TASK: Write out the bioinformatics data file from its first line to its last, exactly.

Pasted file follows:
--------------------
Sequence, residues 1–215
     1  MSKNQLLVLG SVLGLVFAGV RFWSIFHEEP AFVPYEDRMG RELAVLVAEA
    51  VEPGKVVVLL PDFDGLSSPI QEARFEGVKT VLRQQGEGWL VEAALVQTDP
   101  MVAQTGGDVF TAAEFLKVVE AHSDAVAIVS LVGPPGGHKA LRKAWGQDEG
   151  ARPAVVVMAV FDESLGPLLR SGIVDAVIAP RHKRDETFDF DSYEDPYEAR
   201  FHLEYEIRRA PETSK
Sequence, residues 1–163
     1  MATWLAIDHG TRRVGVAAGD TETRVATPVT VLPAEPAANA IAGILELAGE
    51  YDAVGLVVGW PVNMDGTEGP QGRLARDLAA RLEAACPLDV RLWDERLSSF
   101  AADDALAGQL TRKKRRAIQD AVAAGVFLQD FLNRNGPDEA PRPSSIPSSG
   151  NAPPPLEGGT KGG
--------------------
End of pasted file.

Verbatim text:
Sequence, residues 1–215
     1  MSKNQLLVLG SVLGLVFAGV RFWSIFHEEP AFVPYEDRMG RELAVLVAEA
    51  VEPGKVVVLL PDFDGLSSPI QEARFEGVKT VLRQQGEGWL VEAALVQTDP
   101  MVAQTGGDVF TAAEFLKVVE AHSDAVAIVS LVGPPGGHKA LRKAWGQDEG
   151  ARPAVVVMAV FDESLGPLLR SGIVDAVIAP RHKRDETFDF DSYEDPYEAR
   201  FHLEYEIRRA PETSK
Sequence, residues 1–163
     1  MATWLAIDHG TRRVGVAAGD TETRVATPVT VLPAEPAANA IAGILELAGE
    51  YDAVGLVVGW PVNMDGTEGP QGRLARDLAA RLEAACPLDV RLWDERLSSF
   101  AADDALAGQL TRKKRRAIQD AVAAGVFLQD FLNRNGPDEA PRPSSIPSSG
   151  NAPPPLEGGT KGG